Kensington Palace visits South London perinatal mental health service
24 January 2018: The Duchess of Cambridge has visited the Maurice Wohl, Kings and Bethlem Mother and Baby Unit today to see the work of perinatal psychiatrists looking after new mothers struggling with mental illness.
Kensington Palace said the visits reflect HRH’s interest in continuing to develop an understanding of the challenges and issues surrounding maternal mental health and to learn what support is available.
After a tour of the Institute of Psychiatry, Psychology and Neuroscience, the Duchess visited Royal Bethlem hospital’s Mother and Baby Unit (MBU) where she met Dr Trudi Seneviratne, a perinatal psychiatrist and Chair of the Royal College of Psychiatrists’ perinatal faculty.
The MBU in South London offers a space where mothers can be admitted with their baby if their condition is too severe to be treated in the community. Doctors specialising in mental health work to keep mother and child together to allow women to receive the best quality treatment and bond with their baby.
Dr Trudi Seneviratne, consultant perinatal psychiatrist and Chair of the Royal College of Psychiatrists’ Perinatal Faculty said:
“We are delighted that the Duchess of Cambridge has taken such an interest in maternal mental health and the impact on families.
"The visit by the Duchess to Kings College London and Channi Kumar Mother and Baby Unit, South London and Maudsley demonstrates the recovery that is possible when mothers and their babies can get help from appropriate services and highlights how much progress being made by research into Perinatal Psychiatry.
"Perinatal Psychiatrists in the UK have driven the importance of research and clinical services in this area since the 80s. The spotlight shone by the Duchess of Cambridge and others on perinatal mental health is vital as it highlights to mothers that help is available.”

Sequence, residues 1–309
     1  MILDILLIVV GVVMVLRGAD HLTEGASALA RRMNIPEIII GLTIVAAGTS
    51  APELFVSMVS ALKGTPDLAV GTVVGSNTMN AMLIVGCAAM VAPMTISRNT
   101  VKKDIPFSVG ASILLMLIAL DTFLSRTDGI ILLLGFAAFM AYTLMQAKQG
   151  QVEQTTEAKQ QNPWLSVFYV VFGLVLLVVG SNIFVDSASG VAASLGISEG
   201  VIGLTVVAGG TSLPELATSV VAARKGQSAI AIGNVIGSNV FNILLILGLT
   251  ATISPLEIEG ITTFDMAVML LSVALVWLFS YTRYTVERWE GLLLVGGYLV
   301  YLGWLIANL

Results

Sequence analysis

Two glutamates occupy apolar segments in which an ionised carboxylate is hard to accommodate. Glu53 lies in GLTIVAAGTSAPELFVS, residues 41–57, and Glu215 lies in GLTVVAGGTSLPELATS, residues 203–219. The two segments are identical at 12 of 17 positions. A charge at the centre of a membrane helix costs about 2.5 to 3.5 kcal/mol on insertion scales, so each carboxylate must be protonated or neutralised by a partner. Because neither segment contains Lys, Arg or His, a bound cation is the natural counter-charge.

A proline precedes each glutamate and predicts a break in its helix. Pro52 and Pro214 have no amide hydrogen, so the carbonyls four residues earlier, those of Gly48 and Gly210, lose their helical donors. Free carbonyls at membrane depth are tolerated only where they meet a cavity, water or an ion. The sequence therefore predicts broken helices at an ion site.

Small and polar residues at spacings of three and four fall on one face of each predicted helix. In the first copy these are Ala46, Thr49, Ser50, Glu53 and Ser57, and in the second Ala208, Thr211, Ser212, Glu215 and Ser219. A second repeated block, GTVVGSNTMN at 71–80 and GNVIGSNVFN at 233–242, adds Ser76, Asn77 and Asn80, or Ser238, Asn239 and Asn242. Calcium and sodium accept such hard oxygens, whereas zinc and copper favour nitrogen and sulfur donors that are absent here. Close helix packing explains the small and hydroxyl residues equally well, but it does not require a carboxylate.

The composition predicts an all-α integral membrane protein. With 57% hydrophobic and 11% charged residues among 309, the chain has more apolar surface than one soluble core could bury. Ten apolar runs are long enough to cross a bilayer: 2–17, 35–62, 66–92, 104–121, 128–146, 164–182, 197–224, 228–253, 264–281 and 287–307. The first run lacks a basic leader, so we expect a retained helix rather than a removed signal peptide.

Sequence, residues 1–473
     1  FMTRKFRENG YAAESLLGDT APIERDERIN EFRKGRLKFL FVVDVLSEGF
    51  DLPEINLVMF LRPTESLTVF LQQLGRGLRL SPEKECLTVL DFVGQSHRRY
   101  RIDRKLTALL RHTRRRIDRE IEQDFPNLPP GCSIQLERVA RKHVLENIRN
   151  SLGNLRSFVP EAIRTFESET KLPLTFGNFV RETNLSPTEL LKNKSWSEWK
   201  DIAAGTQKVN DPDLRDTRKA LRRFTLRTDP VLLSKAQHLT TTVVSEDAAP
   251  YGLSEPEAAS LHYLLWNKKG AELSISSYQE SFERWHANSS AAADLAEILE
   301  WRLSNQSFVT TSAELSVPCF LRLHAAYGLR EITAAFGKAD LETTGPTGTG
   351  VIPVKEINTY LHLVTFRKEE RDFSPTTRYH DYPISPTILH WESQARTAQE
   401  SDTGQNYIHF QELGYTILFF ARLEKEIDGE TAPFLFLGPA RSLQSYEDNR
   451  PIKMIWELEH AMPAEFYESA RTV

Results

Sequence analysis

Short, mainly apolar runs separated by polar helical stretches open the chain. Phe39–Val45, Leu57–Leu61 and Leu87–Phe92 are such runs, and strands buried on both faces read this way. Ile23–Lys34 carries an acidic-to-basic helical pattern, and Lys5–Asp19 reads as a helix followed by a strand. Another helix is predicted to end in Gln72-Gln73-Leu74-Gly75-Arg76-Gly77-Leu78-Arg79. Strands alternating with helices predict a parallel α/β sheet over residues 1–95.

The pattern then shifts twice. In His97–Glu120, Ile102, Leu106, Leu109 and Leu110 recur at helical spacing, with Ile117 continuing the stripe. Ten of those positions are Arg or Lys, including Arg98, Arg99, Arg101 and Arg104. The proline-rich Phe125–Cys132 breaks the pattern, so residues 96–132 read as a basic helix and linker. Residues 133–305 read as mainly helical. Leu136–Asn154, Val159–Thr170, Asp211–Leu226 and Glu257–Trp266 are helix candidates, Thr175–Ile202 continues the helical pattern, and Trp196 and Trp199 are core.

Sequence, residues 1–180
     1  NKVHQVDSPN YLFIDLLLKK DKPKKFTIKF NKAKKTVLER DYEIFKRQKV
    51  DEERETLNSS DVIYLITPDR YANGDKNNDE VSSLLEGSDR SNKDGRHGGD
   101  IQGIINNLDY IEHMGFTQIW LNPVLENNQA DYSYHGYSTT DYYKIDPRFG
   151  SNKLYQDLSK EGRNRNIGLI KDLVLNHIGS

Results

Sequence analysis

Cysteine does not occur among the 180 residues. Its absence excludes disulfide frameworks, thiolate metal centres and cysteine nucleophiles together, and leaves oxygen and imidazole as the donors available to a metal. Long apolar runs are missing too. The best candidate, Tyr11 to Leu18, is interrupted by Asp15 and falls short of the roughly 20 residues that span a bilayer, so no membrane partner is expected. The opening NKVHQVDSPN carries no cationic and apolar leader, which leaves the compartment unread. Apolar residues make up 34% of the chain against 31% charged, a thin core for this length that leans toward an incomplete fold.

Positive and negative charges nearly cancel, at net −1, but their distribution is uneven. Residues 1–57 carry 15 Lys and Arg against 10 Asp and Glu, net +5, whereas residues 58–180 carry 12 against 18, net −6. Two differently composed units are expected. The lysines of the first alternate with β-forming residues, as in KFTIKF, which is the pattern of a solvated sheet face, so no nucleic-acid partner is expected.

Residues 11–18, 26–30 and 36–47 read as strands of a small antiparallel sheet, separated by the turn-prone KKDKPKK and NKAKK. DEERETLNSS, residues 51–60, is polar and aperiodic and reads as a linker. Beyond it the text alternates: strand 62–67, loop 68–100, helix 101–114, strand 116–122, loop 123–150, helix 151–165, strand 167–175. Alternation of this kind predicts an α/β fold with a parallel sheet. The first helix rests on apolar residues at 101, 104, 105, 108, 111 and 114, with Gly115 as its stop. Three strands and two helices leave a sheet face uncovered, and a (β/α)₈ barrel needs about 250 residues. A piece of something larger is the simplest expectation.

Doctors specialising in perinatal mental health are key to providing treatment for conditions such as postpartum psychosis and postnatal depression – but 40% of areas currently provide no services. In the last year, the RCPsych has awarded bursaries to 10 consultant psychiatrists to train as perinatal specialists.
An additional 15 consultants have been on specialist training provided by the RCPsych and its four three-day courses have reached 260 further consultants and higher trainees.
It is estimated that postnatal depression affects one in every 10 new mothers while the risk of postpartum psychosis is 1-2 in 1,000 women. Suicide is the leading cause of maternal death.
Notes to editors
About the Royal College of Psychiatrists
We are the professional medical body responsible for supporting over 18,000 psychiatrists in the UK and internationally.
We set standards and promote excellence in psychiatry and mental healthcare.
We lead, represent and support psychiatrists nationally and internationally to governments and other agencies.
We aim to improve the outcomes of people with mental illness, and the mental health of individuals, their families and communities. We do this by working with patients, carers and other organisations interested in delivering high quality mental health services.